1 July 2021 · Global Partnership for Zero Leprosy
Secretariat Director speaks in support of Special Rapporteur’s report to the Human Rights Council
The Special Rapporteur for the elimination of discrimination against persons affected by leprosy and their family members, Alice Cruz, presented her report to the 47th Session of the Human Rights Council on 1 July 2021. The report is titled, “Disproportionate impact of the coronavirus disease (COVID-19) pandemic on persons affected by leprosy and their family members: root causes, consequences and the way to recovery.” As a program director of The Task Force for Global Health, The Global Partnership for Zero Leprosy’s Secretariat Director, Bill Gallo, spoke in support of the special rapporteur’s presentation. The written statement follows the recorded statement below.
Thank you to the Human Rights Council and to Special Rapporteur Dr. Alice Cruz for her important advocacy work alongside persons affected by leprosy and their family members. My name is Bill Gallo, and I am the Secretariat Director of The Task Force for Global Health’s Global Partnership for Zero Leprosy program.
The Global Partnership for Zero Leprosy (GPZL) is a coalition of individuals and organizations committed to ending leprosy, also known as Hansen’s disease. Our vision of “Zero Leprosy” includes no disease, no disability, and no discrimination or stigma. We look to persons affected by leprosy as disease experts, and their lived experiences guide our work.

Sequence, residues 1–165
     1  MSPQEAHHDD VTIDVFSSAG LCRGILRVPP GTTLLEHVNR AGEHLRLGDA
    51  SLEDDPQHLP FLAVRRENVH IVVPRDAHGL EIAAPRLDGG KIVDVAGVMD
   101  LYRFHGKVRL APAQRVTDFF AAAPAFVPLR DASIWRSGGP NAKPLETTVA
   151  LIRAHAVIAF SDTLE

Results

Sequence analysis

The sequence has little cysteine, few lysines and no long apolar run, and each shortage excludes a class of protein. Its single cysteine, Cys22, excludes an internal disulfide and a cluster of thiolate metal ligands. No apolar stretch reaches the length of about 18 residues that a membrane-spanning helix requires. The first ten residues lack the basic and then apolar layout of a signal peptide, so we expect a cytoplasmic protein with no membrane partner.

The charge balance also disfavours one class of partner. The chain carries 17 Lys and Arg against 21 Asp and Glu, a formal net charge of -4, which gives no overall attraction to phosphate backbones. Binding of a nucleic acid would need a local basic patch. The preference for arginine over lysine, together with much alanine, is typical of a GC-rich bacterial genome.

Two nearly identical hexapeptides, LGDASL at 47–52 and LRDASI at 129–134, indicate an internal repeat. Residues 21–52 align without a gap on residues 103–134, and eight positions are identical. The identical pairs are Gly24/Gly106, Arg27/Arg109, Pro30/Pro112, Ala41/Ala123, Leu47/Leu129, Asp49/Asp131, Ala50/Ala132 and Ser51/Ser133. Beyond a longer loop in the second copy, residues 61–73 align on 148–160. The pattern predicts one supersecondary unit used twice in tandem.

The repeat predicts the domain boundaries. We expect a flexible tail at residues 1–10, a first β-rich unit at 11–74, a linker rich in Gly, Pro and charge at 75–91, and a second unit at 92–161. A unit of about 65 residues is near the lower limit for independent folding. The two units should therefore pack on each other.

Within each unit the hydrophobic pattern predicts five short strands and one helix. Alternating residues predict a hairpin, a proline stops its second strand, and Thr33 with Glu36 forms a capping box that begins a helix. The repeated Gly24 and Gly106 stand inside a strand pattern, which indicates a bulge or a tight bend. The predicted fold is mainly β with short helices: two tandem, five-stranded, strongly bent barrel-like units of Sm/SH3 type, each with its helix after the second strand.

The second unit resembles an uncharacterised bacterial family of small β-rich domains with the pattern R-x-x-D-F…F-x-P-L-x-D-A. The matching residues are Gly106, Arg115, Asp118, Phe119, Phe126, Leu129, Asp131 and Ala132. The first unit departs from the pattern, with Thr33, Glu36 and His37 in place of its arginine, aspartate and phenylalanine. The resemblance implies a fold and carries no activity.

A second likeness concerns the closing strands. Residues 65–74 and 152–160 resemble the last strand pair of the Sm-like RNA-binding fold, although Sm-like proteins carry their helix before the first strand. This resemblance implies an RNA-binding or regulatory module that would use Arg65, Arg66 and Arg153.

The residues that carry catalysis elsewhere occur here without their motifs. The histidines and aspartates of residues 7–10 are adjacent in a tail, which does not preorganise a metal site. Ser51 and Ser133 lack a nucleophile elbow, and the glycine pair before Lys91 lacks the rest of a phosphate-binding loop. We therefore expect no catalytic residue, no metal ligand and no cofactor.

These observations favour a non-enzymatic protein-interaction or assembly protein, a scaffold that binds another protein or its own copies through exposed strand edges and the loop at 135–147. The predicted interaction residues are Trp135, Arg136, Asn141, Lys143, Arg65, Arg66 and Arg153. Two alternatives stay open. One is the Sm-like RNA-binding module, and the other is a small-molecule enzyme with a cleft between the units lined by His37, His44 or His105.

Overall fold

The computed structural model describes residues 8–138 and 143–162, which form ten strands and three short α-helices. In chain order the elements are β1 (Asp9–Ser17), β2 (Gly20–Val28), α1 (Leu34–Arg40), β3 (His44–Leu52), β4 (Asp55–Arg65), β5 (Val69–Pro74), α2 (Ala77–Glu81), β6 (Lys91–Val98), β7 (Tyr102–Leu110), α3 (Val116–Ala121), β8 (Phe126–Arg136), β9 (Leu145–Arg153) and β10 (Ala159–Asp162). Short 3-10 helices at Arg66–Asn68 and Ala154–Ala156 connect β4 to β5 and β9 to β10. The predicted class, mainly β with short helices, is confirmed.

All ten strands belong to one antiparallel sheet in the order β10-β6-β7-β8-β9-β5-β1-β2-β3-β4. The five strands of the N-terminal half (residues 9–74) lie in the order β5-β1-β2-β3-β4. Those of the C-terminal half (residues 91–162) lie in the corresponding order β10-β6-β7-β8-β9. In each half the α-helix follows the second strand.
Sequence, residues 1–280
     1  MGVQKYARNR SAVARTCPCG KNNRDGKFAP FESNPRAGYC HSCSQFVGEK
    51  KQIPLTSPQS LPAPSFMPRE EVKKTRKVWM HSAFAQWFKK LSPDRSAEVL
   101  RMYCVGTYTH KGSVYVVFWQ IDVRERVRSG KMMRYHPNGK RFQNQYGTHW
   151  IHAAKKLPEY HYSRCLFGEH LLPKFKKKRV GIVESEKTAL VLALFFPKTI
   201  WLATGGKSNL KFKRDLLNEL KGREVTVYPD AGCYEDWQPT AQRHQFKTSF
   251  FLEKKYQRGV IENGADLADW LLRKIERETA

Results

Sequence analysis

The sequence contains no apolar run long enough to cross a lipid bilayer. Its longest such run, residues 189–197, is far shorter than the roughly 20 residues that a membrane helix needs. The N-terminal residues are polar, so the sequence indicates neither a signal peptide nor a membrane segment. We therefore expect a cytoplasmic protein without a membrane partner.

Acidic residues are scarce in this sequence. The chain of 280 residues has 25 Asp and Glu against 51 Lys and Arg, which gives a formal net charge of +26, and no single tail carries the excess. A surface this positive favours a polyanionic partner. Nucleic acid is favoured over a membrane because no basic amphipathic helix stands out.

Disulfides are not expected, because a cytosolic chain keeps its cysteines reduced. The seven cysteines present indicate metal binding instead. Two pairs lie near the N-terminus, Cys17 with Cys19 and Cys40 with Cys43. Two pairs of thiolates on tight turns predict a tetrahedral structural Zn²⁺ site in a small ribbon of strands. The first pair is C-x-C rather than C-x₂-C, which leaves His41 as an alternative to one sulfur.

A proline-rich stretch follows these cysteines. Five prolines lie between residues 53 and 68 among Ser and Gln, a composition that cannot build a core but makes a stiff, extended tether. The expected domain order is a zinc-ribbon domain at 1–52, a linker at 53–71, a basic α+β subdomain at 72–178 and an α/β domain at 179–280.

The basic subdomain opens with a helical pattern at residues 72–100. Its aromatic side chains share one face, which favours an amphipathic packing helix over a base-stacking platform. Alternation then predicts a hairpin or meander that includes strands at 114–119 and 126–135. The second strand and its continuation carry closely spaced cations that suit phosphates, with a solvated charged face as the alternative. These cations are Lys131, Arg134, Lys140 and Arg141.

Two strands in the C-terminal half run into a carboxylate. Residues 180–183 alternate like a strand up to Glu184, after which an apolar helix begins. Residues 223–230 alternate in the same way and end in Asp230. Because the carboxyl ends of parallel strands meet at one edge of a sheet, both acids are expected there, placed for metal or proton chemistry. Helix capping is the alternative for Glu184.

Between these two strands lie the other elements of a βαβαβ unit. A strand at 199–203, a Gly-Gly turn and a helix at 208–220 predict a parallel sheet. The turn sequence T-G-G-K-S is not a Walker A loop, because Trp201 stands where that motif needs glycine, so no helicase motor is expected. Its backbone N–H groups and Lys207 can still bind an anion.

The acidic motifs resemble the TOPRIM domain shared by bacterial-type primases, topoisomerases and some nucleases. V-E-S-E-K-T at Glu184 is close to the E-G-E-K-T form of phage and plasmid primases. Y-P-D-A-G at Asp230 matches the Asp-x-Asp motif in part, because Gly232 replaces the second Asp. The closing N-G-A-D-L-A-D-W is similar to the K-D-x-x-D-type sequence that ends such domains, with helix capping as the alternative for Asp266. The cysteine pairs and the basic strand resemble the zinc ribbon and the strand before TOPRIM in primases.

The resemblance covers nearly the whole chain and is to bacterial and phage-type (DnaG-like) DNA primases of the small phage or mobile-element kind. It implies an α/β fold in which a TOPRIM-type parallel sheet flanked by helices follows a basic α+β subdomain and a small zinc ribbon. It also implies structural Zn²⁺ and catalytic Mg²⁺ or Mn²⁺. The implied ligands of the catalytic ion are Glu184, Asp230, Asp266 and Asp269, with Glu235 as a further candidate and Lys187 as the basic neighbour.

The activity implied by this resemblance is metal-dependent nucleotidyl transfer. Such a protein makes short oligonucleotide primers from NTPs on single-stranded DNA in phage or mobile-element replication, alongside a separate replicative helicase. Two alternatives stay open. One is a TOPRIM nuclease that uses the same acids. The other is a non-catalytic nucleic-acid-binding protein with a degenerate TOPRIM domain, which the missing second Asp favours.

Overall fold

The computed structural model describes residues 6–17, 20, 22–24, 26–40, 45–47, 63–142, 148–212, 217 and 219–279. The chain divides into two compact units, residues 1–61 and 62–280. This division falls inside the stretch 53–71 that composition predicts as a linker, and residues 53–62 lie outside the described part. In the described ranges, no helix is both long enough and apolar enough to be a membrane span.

The COVID-19 pandemic has deepened existing inequities facing persons affected by leprosy. The Special Rapporteur’s report identifies barriers that push persons affected by leprosy into extreme poverty, including barriers to education and employment, lack of access to social protection and information, and discrimination.
Our emergency response efforts, conducted in collaboration with the special rapporteur, identified challenges facing the community at the start of the pandemic and the ongoing work of organizations, including organizations of persons affected, and governments, to address these challenges.
However, we know that there is still much work to be done. To ensure an inclusive recovery from the COVID-19 pandemic, we must maintain that persons affected by leprosy and their family members are at the center of recovery efforts.